The hens nicely settledThe hens are doing OK now, after a disaster back in November when a stoat broke into the run and slaughtered three of the five girls we’d brought with us from Banbury. Of course, it killed my favourite, Midge, and I was completely heartbroken over the whole thing. We managed to find four new pullets to make up the numbers and all of them seem to be getting on really well now.

We’ve had far less trouble than on any previous hen introductions so we’re obviously getting the hang of this process. The new girls all have their own characters and temperaments and seem very chilled out around Dave dog, which is lovely.

There’s so much to do, but it’s so exciting! I’ve got some chillies in the heated window sill propagator (and rapidly realising I need a much bigger one!) and the first have germinated during the past few days. It won’t be long before every window sill in the house is full to bursting with seedlings – at least they’re nice thick walls, over two feet of solid granite for the most part, so I have plenty of ledge space.

Green shoots!

We missed out completely on last year’s growing season, which was torture. So even though we really should probably be focusing our time and efforts in other places, I refuse to let another whole growing year go by the wayside – it’s so very exciting to have seeds in compost again and to be seeing the very first green shoots of what should hopefully be our first great productive Cornish growing season!

Recycled cold frameIt’s a very conscious decision to concentrate our time and expenditure on the productive aspects of the gardens first – after all, the kitchen garden will go some way to feeding us. Landscaping and decorative planting, no matter how attractive, doesn’t help keep the larder stocked or reduce our food bills. We’re very much doing this on a budget, too – our rather lovely pair of cold frames are made from the glass out of the shower cubicle we had to replace when we got here.

Over the next few blog posts I’ll share with you some of our plans for the house – especially the kitchen – and for our outbuildings. Buckle up – it’s going to be a busy year!

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Easily Hooked – oops, I seem to have taken up crochet!

We had so much to do in the garden this weekend, but the weather hasn’t been friendly!  At least we managed to get the turf cleared from the unpromising rectangle of old ridge & furrow grass which is to be my experimental cut flower patch – watch this space for more (and photos!) in due course.  The greenhouse seedlings continue to thrive, though I’m struggling to believe the tomato seedlings are ever going to grow up big and strong enough to fruit! This time of year in the garden is always a mix of hope and doubt, without much to show yet for our efforts!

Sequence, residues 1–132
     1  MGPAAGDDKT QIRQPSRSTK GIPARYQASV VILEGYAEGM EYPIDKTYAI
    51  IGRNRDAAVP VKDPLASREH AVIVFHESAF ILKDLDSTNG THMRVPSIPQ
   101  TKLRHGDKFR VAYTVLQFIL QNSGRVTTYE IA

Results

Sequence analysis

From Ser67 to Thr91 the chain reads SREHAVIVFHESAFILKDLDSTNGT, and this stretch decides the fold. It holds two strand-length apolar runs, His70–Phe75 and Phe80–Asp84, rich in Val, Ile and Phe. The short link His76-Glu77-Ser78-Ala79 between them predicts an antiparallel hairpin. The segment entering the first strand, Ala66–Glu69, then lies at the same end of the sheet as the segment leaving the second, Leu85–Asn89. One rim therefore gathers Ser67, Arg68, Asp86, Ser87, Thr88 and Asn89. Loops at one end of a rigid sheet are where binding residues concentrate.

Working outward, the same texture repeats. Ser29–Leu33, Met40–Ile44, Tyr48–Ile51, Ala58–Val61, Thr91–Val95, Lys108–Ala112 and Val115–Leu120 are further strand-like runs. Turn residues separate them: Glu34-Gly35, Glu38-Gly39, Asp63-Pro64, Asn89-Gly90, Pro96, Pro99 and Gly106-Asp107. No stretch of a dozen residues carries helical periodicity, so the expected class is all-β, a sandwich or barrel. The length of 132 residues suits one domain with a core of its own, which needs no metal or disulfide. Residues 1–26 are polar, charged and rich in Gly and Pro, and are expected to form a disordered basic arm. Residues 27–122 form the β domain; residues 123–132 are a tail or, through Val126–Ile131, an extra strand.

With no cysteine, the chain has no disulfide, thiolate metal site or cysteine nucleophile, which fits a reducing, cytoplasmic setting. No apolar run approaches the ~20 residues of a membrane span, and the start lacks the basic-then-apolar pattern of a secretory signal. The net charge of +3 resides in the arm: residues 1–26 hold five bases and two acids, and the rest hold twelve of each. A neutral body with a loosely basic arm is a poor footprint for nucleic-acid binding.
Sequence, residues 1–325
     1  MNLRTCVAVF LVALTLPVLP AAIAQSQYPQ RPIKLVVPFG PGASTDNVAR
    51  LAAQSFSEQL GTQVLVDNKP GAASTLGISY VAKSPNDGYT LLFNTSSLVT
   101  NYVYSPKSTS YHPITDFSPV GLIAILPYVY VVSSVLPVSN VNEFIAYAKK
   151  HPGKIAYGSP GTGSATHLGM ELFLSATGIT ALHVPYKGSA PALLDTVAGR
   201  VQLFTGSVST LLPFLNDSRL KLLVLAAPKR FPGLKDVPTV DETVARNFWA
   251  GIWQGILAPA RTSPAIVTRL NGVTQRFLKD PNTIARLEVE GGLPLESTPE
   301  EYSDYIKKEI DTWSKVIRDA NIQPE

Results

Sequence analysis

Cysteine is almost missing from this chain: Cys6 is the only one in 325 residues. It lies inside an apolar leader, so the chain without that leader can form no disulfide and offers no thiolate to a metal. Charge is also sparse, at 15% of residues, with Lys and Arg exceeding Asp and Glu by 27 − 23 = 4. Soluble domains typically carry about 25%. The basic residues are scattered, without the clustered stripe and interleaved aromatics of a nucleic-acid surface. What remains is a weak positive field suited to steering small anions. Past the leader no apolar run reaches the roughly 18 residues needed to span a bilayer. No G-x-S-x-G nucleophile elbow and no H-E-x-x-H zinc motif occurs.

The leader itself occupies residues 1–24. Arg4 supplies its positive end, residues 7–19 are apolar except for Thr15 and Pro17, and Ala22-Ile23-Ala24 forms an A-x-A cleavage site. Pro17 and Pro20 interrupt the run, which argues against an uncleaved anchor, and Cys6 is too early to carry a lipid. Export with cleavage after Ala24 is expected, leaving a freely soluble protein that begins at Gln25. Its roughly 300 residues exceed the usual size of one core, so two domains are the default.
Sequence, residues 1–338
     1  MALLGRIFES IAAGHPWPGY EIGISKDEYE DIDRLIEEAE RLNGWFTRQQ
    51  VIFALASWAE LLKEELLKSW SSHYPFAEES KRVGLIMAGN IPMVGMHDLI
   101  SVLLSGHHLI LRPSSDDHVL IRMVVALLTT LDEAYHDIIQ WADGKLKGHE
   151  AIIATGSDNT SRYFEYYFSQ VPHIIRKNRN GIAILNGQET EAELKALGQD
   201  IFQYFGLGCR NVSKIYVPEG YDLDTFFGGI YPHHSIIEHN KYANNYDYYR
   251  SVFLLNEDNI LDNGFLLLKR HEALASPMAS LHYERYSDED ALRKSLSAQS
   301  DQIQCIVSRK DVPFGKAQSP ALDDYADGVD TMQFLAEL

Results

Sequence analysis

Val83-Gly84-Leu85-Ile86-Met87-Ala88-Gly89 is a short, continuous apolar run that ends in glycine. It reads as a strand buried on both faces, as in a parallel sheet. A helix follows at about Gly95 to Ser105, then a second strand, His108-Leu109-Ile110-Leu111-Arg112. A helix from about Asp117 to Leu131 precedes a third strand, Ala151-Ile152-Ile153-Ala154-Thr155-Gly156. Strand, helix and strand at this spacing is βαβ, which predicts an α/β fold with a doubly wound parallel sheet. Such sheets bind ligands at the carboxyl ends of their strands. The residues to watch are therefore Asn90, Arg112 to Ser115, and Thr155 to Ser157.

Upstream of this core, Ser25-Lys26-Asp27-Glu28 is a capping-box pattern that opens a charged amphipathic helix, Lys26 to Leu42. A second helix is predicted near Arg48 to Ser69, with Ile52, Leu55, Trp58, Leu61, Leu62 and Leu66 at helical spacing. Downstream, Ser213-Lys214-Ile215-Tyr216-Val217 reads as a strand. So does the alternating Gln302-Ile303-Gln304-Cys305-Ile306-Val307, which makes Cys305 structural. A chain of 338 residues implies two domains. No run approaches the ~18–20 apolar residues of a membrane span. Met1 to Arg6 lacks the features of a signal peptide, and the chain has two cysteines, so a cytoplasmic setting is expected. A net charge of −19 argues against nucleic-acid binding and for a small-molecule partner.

Stormy spring beech tree

But it’s raining, and there’s nothing to be done outside for the time being!

I hate to have my hands unoccupied (stop giggling there in the back!) so I suppose it was only a matter of time before I gave in and took up crochet.  Many years ago (half a lifetime, really!) I learned to knit, got good enough at it to make myself a jumper, and mastered some fiddly cable work, but it never really grabbed me.  I’ve always been impressed by the flexibility of crochet work, the variety of shapes and textures which crochet seemed to be able to achieve compared to two-needle yarn craft.  And then, about three weeks ago, by chance, I stumbled over the first part of a learn-to-crochet part-work magazine, complete with a 3.5mm hook, two balls of yarn, and a guide to basic stitches. All for 99p.

Well, I couldn’t resist. I started tinkering with a few stitches and patterns from the starter pack.  I did a bit of playing and made a little round basket out of some jute garden twine, just to see if I could.  It’s the simplest thing, with just a circle of double crochet stitches for the base, made without turning, and sides the same, but turned between rows, picking up only the front loop of the  V to add a horizontal stripe.

Jute basket bottom    Jute Basket inside    Jute basket detail with twine

It makes a lovely coaster for the bottle-cut vase I made a few weeks ago, using the bottle cutting jig I made last year.  Better still, it was surprisingly easy to make, despite the less than promising choice of yarn!

Jute basket with bottle vase